Google updates Gemini AI, apologizes for ‘woke’ inaccurate imagery


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Google released two updates to its artificial intelligence (AI) model, Gemini, amid a storm of controversy on social media over “woke” inaccurate imagery produced by the model. 

On Feb. 20 and then again on Feb. 21, Gemini received two new upgrades to its system. The first applies to Gemini Advanced, allowing it to now edit and run Python code snippets directly in its user interface. Users with access to the advanced version can experiment with Python-based code to see how it works prior to copying it, claiming to save time and verify functionality.

The second update hit Gemini business and enterprise plans, which now give users access to 1.0 Ultra — one of Google’s most advanced models — and employ enterprise-grade data protection. This prevents Gemini models from using conversations for training purposes.

This was previously a concern for major companies, such as mobile services provider Samsung, which banned employees from using ChatGPT-like AI tools on Samsung-owned devices and internal networks in May 2023.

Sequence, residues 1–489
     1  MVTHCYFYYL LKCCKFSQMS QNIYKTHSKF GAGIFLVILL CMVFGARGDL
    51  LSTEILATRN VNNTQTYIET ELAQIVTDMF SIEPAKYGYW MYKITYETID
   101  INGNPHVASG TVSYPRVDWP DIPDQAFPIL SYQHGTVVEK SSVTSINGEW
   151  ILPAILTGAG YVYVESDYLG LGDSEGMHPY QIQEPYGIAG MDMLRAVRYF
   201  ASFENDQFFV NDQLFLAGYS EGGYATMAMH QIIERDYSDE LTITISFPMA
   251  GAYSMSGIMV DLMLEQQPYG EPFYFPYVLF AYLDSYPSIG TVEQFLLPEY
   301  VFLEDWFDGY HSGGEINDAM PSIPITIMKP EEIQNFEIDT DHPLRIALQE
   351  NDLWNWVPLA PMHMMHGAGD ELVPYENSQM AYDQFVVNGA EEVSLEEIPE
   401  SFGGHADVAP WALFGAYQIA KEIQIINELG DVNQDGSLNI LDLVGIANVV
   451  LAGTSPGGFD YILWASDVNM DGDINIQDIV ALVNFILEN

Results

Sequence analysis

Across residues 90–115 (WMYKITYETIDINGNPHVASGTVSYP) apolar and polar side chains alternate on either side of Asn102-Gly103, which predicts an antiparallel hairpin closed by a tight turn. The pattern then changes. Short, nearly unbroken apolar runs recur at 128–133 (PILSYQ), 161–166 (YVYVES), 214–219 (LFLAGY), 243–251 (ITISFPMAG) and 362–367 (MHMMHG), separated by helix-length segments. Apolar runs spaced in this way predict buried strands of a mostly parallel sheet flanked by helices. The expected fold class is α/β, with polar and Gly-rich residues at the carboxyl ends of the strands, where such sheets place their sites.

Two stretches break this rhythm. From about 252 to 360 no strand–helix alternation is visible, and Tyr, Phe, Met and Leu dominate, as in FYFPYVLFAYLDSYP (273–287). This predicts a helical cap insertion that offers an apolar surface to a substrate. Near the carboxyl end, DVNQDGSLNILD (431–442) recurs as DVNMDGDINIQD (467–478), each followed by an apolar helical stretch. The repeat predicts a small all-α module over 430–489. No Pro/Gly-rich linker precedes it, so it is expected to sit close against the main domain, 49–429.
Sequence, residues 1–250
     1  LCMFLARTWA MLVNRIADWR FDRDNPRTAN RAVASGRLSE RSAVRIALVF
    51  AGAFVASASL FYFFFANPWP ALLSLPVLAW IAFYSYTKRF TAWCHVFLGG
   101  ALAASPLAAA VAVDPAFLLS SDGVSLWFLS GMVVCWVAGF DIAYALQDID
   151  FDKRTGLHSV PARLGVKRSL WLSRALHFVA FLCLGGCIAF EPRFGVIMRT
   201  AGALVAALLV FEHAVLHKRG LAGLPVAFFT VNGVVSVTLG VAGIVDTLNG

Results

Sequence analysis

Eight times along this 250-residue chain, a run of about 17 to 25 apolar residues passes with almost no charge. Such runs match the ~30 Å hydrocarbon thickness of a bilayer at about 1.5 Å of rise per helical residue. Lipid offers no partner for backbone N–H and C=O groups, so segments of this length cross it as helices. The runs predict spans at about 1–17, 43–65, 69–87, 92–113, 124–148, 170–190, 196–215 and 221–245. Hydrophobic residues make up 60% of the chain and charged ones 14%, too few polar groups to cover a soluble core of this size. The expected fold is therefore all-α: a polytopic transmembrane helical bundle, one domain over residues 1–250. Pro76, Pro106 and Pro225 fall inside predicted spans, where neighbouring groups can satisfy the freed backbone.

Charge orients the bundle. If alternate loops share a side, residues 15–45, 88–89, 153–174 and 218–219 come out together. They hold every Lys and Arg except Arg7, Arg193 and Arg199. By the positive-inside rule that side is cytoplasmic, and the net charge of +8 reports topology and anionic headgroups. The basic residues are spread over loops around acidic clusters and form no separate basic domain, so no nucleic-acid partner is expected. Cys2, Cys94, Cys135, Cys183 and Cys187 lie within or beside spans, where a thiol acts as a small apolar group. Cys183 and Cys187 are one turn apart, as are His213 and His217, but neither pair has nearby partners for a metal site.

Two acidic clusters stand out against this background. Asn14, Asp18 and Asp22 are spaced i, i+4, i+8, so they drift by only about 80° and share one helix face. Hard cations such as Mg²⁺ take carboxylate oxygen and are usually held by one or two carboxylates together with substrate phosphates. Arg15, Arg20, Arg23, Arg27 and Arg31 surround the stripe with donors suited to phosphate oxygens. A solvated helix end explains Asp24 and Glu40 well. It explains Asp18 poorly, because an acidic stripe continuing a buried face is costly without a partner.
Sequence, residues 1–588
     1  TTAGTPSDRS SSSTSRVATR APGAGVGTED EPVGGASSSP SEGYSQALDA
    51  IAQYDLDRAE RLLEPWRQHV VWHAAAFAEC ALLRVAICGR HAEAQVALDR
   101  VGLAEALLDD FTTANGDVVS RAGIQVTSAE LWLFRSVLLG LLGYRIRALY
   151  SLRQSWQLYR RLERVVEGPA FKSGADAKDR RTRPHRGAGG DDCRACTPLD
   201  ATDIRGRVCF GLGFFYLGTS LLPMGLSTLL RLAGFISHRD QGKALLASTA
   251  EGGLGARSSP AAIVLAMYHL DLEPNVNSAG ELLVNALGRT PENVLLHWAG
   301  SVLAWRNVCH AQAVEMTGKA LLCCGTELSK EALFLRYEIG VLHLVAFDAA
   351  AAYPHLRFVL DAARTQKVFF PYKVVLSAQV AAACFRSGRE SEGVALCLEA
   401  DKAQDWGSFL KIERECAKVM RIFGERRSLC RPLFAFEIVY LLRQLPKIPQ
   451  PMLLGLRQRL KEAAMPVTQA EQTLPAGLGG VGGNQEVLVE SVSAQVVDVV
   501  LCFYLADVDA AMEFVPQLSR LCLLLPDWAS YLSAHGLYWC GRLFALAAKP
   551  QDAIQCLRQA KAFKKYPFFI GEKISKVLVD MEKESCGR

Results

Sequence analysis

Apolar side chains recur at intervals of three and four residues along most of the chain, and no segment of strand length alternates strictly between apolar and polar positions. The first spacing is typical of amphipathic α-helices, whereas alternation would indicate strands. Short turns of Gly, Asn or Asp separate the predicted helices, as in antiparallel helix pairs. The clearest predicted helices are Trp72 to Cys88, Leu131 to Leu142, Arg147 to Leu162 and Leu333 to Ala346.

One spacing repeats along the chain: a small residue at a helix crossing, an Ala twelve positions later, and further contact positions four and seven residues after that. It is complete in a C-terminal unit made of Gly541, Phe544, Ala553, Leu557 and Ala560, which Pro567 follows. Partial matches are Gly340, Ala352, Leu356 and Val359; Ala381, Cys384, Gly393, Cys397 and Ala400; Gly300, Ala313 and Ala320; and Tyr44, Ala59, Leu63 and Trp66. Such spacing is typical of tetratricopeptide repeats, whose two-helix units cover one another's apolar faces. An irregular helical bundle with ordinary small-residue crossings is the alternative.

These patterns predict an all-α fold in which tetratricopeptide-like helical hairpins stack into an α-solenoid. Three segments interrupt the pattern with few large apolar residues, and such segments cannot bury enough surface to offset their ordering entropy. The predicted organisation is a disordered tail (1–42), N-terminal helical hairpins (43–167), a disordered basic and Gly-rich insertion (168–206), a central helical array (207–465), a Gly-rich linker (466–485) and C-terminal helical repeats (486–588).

These two updates followed the most recent one on Feb. 8, through which Google rebranded its chatbot from Bard to Gemini and included many upgraded features and capabilities. 

However, neither of the updates mentioned any change to Gemini’s image output. This topic has recently caused an uproar on social media due to the “woke” imagery produced by the model, which creates inaccurate depictions of history.

Google Gemini AI developer Jack Krawczyk posted on X that the company is “aware that Gemini is offering inaccuracies in some historical image generation depictions” and said the team is trying to implement “immediate” solutions.

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Meanwhile, the image inaccuracies of Gemini have been rubbing social media users the wrong way, with one user who claims to be a developer working at Google posting that they’ve “never been so embarrassed” to work for the company.

Another user also pointed out a similar bias in the popular AI chatbot ChatGPT, developed by OpenAI, when prompting it to create specific images.

The user questioned why ChatGPT is getting a “free pass” from internet scrutiny for the same issue.

In response, Elon Musk posted about his own AI model, Grok, being “so important” as it prepares to release new upgraded versions in the coming weeks.

Nonetheless, Grok has been at the center of attention for another reason: having the same name, albeit a different spelling, as the AI language processing united (LPU) chip Groq that was trademarked and developed in 2016. 

Groq gained internet hype overnight after its first public benchmark tests emerged, outperforming the top models by other Big Tech companies.

Magazine: Google to fix diversity-borked Gemini AI, ChatGPT goes insane: AI Eye